Australian public hospital emergency departments (EDs) have recently been experiencing an overwhelming growth in demand for unplanned care: in New South Wales ED attendances are up 6.5% (Tony Dunn Director, Data Analysis and Performance Evaluation Branch, NSW Health, personal communication). The most obvious sign of this is a queue of patients on ambulance trolleys, waiting for a bed in the ED. The challenges facing Australian EDs have been described previously in this Journal, and include lack of access to inpatient beds, workforce deficiencies,1 safety issues,2 increased mortality,3,4 and inefficiencies that compound each other. The volume of demand for beds for patients being admitted from the ED often also resulted in a destructive impact on elective surgery.5
We have carried out system-wide redesign in over 60 NSW hospitals (through the Clinical Services Redesign Program) and at Flinders Medical Centre in South Australia (through the Redesigning Care Program) to tackle these issues. The diagnostic phase of our redesign work confirms these previously reported observations, and includes other findings, such as:
ambulatory patients were complaining that little information is given about reasons for their long waits or how much longer they will have to wait;
patients’ uncertainty and frustration is often expressed by anger and aggression toward staff, or by not waiting to be seen by a doctor;
patients in an ED who needed to be admitted to hospital sometimes waited days before being transferred to a ward;
patients were often not admitted to their specialist team’s home ward;
staff in busy EDs often felt under siege, and there was a mind-set among hospital management and ED staff that if the ED is very busy, the best response is to reduce patient demand by not accepting ambulances, rather than to improve internal hospital processes;
when one hospital is busy, so are most hospitals in the vicinity;
the overall pattern of presentations to EDs is surprisingly predictable when analysed by season, day of week or hour of day (eg, hospitals are most often congested on Monday afternoons as occupancy peaks because of the combination of elective arrivals, ongoing emergency arrivals and the delayed departure of inpatients because the rate of discharge at weekends is reduced); and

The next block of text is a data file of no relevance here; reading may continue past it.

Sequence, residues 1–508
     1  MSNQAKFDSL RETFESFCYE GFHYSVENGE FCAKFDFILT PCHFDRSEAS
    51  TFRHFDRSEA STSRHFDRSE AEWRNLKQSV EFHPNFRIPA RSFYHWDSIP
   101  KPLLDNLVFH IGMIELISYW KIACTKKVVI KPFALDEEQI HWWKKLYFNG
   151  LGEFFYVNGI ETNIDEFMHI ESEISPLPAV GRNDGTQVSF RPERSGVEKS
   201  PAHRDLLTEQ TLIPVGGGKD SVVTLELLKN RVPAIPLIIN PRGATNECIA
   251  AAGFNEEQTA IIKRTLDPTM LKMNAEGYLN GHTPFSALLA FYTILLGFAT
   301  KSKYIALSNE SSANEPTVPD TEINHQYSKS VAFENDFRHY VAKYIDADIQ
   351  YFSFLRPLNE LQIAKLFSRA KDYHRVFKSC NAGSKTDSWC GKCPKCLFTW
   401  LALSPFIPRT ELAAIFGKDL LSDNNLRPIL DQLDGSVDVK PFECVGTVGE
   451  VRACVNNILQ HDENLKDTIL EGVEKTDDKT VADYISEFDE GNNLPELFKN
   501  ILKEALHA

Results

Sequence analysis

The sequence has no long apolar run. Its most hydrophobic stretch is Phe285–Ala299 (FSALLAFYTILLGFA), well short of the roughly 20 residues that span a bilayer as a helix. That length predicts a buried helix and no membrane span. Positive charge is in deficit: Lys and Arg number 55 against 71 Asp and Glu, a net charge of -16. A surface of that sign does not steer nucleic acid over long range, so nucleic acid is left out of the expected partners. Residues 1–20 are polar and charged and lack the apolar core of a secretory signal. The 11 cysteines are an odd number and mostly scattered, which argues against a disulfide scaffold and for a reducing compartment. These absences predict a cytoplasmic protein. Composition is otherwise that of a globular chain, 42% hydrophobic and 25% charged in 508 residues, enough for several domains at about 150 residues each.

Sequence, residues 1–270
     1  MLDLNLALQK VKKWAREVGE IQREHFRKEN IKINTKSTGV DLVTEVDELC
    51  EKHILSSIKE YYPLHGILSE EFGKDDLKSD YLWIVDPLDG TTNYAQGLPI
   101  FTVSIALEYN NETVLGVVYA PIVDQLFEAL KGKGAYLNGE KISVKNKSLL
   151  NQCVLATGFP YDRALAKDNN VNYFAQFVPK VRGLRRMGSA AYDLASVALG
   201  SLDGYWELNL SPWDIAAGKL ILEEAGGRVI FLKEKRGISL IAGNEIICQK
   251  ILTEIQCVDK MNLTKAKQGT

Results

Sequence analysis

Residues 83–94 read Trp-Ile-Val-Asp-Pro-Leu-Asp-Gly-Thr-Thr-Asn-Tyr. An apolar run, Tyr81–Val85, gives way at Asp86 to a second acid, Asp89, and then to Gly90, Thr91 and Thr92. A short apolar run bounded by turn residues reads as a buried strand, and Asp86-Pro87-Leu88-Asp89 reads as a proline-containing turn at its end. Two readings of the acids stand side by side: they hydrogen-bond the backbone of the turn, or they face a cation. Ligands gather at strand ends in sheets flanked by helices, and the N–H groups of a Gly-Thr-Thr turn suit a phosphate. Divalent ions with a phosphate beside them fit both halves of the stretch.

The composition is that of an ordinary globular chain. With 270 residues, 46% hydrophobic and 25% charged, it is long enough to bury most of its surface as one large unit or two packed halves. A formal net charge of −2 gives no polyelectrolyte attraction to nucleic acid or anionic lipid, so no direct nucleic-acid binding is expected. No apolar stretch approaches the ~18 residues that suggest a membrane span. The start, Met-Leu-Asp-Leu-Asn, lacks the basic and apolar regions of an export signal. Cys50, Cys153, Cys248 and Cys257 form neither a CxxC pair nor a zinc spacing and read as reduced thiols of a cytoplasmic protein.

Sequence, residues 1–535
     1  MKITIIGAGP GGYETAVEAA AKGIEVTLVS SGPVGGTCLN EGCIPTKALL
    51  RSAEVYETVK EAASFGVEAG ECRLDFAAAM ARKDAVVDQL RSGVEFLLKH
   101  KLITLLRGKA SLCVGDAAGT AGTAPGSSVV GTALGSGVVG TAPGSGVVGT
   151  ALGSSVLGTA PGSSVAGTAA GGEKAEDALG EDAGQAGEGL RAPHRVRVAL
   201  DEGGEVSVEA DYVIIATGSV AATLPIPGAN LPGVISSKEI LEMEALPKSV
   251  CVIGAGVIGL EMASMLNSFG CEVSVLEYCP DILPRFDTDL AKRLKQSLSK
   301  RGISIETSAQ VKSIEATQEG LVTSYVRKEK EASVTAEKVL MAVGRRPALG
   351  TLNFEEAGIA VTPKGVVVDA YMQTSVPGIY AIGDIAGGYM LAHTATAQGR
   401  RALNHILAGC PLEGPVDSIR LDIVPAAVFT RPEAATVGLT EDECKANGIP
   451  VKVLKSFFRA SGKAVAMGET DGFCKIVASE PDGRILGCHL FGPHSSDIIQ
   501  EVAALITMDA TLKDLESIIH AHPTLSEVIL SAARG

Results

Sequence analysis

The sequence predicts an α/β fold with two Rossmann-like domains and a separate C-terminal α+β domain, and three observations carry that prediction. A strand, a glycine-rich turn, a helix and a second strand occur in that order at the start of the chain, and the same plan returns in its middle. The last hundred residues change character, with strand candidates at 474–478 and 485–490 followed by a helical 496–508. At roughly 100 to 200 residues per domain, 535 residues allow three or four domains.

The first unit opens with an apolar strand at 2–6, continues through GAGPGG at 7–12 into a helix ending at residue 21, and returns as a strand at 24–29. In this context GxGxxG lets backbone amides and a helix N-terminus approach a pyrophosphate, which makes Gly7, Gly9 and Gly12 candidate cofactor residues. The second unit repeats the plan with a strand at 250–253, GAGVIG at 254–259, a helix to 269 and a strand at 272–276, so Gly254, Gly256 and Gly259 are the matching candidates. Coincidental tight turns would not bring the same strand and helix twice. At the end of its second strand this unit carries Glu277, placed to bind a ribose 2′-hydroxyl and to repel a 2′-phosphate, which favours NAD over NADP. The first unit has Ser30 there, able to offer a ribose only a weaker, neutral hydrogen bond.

congestion in ED is contributed to by inefficient flow of patients through the entire hospital, as well as inefficiencies within the ED.
Clearly, an annual growth in hospital ED demand across Australia of about 5%–8% per year (Tony Dunn, Director, Data Analysis and Performance Evaluation Branch, NSW Health, personal communication) cannot be accommodated by ambulance diversion. Previous explanations for the challenges in EDs have focused on a lack of inpatient beds and workforce deficiencies. While these clearly contribute, our redesign work has identified numerous correctable issues which, when addressed, permit substantial improvements in performance with modest increases in bed capacity and workforce. Examples include such mundane issues as the mismatch of staff rosters to patient attendances and the predictable adverse impact of junior medical staff term rotations.
Increasingly, patients in EDs are older6 and frail, with multiple problems that take many hours to assess. Such patients can be hard to place with medical teams, which have become increasingly specialised around single-organ diseases. Teams may not feel confident outside their subspecialty and may be reluctant to accept the patient. Another large patient group is people with chest pain, who are managed under treatment protocols that require them to wait many hours for tests to exclude a cardiac cause.
Patients of all kinds are often assessed first by junior medical staff, who then present the problem to registrars and then to ED specialists. Thus, decisions about treatment can be delayed for hours. Once assessed by ED staff, patients often need further assessment by specialty teams who may be unable to attend immediately because of other commitments. Patients also wait in the ED for test results while diagnostic departments process samples from all parts of the hospital, and patients from the ED are not necessarily given priority.